Watch as Davies shows Curtis why real men wear (spray) skirts and the only water worth knowing is white in the video embedded at the top.

Watch more Oscar Mike:

Watch this Vietnam War vet school a young soldier in stunt driving

This is why you don’t challenge an ex-sniper to a duel

This Army vet is crazy motivated

This is what happens when you put a sailor in a stock car

Articles

This incredible rap song perfectly captures life in Marine Corps infantry

Serving in the Marine Corps infantry is one of the most taxing occupations the military has to offer. Whether you’re out patrolling in a hot zone, calling in mortars on an enemy position or just humping hundreds of pounds of gear, it’s tough.


For one former Marine, military service fuels his music and reflects his experiences in the Corps.

“So you’re the newest PFC? Well, welcome to the infantry. Around here we like to do things a little differently. I know your drill instructor taught you those morals and ethics, but you got to put that to the side to kill more efficiently. ”

These are the opening lyrics of “Welcome to the Infantry” performed by Marine rapper, Fitzy Mess, and they couldn’t be more truthful.

Related: 7 things you should know before joining the infantry

Check out Fitzy Mess‘ video below for his cathartic rap song about life in the Marine infantry. And turn your sound up!

(Fitzy Mess, YouTube)
MIGHTY TRENDING

Finland accuses Russia of scrambling GPS during war games

Finland’s prime minister said on Nov. 11, 2018, that GPS signals in the country were intentionally disrupted during NATO military exercises in the region over the past few weeks and the culprit could have been Russia.

Finnish air-navigation services issued a warning for air traffic on Nov. 6, 2018, due to a large-scale GPS interruption in the north of the country. Norway posted a similar warning about loss of GPS signals for pilots in its own airspace at the end of the October 2018.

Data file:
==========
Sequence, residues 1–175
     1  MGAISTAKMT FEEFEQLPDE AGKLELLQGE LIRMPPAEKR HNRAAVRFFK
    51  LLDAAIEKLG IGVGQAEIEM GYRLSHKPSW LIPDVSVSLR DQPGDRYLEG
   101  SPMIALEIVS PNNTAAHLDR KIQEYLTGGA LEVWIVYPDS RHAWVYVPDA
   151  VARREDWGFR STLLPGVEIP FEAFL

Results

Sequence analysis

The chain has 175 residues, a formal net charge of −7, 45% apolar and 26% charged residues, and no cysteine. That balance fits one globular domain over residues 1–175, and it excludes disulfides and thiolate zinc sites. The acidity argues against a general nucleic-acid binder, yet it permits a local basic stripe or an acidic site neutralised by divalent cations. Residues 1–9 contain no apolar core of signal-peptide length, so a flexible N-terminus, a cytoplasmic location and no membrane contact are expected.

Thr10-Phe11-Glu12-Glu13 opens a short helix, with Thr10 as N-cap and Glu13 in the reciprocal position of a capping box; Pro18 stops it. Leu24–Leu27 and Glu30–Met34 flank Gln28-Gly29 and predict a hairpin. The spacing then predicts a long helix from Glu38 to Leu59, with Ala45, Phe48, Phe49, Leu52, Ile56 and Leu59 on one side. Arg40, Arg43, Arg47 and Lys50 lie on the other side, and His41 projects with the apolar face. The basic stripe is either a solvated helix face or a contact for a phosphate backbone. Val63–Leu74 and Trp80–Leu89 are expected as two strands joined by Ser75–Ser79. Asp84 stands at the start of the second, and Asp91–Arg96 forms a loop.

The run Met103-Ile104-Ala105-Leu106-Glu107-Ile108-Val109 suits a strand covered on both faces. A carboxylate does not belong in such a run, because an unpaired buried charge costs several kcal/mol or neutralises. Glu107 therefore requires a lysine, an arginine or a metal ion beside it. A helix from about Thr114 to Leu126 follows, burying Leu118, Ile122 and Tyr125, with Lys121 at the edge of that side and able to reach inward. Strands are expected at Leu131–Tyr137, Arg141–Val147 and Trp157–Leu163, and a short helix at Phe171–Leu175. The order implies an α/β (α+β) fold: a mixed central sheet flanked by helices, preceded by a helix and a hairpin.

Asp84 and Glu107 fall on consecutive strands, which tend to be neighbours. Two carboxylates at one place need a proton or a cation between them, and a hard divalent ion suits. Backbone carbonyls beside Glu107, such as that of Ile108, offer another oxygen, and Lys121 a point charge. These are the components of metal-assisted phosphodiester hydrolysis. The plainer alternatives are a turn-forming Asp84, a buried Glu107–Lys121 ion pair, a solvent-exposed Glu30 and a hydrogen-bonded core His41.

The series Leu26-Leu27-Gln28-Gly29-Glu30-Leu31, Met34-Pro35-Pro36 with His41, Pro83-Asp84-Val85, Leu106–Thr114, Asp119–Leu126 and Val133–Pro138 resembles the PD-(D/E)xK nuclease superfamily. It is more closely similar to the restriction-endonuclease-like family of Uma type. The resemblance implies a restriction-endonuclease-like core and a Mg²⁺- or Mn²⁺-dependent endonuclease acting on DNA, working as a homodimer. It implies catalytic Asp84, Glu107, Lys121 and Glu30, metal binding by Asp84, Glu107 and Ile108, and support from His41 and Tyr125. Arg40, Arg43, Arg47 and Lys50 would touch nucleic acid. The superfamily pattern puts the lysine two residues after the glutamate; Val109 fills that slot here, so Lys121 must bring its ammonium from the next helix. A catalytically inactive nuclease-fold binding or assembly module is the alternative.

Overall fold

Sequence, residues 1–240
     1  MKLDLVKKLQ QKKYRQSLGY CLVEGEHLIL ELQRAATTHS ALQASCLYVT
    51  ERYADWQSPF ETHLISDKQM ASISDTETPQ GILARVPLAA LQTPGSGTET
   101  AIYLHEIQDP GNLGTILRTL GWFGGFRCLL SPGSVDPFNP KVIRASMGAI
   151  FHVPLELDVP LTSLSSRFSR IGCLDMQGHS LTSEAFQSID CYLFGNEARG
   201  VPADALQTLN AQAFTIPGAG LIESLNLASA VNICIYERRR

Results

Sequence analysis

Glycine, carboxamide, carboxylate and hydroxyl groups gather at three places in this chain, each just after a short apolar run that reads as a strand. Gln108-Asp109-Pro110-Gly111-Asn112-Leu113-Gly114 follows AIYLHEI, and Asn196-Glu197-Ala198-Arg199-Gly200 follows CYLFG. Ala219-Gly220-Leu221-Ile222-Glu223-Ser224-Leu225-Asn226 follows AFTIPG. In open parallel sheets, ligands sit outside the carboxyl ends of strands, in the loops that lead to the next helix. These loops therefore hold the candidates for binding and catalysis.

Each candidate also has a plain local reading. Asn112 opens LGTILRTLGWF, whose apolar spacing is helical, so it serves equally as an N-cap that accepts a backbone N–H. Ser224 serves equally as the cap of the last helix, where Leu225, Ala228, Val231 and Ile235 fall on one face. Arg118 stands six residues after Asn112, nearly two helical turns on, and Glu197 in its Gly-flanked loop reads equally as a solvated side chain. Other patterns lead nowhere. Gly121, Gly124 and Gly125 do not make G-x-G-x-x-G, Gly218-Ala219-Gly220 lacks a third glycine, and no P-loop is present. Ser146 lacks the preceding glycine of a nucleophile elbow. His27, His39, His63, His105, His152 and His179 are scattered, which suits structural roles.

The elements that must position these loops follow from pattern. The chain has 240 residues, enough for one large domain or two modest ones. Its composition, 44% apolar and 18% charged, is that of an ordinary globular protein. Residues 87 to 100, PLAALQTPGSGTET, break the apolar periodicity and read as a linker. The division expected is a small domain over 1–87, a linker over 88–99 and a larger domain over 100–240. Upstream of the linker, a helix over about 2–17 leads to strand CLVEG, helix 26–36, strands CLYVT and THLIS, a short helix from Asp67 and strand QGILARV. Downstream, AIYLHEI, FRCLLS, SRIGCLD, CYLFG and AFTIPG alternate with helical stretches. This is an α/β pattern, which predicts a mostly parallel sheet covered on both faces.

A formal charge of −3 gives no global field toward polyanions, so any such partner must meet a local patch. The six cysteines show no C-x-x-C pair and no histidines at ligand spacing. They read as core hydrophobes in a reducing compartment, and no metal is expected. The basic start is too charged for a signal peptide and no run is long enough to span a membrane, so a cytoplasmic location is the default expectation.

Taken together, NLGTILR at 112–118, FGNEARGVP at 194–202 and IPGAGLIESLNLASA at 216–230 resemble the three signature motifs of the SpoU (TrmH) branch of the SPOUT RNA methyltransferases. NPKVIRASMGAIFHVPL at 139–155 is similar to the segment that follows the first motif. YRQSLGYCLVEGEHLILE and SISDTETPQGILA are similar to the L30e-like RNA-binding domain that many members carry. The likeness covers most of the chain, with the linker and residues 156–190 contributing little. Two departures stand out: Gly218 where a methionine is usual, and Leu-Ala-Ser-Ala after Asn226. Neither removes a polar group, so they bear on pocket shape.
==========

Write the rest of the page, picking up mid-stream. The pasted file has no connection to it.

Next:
The NATO exercise, called Trident Juncture, ran from Oct. 25 to Nov. 7, 2018.


“It is technically reasonably easy to interfere with the radio signal in the open space,” Prime Minister Juha Sipila told public broadcaster Yle. “It is possible that Russia has been the disrupting party in this. Russia is known to possess such capabilities.”

Sipila, who is a pilot, said the goal of such interference would be to demonstrate the culprit’s ability to do so and that the incident would be treated as a breach of Finland’s airspace.

“We will investigate, and then we will respond,” he said. “This is not a joke. It threatened the air security of ordinary people.”

10 Sailors missing after USS John S. McCain collides in South China Sea

Finnish military personnel in formation at the Älvdalen training grounds in Sweden, Oct. 27, 2018.

(Finnish Defence Force photo by VIlle Multanen)

Finland is not a NATO member, but it took part in Trident Juncture, which NATO officials said was the alliance’s largest exercise in decades. Forces from 31 countries — all 29 NATO members, Finland, and Sweden — participated in the exercise, which took place close to Russian borders in an area stretching from the Baltic Sea to Iceland.

The exercise involved some 50,000 troops, tens of thousands of vehicles, and dozens of ships and aircraft. While much of the activity was based in central and southern Norway, fighter jets and other military aircraft used airports in northern Norway and Finland.

Russia dismissed Finland’s suggestion that it intentionally interfered with GPS signals. “We are not aware that there could be something to do with GPS harassment in Russia,” Kremlin spokesman Dmitry Peskov said Nov. 12, 2018.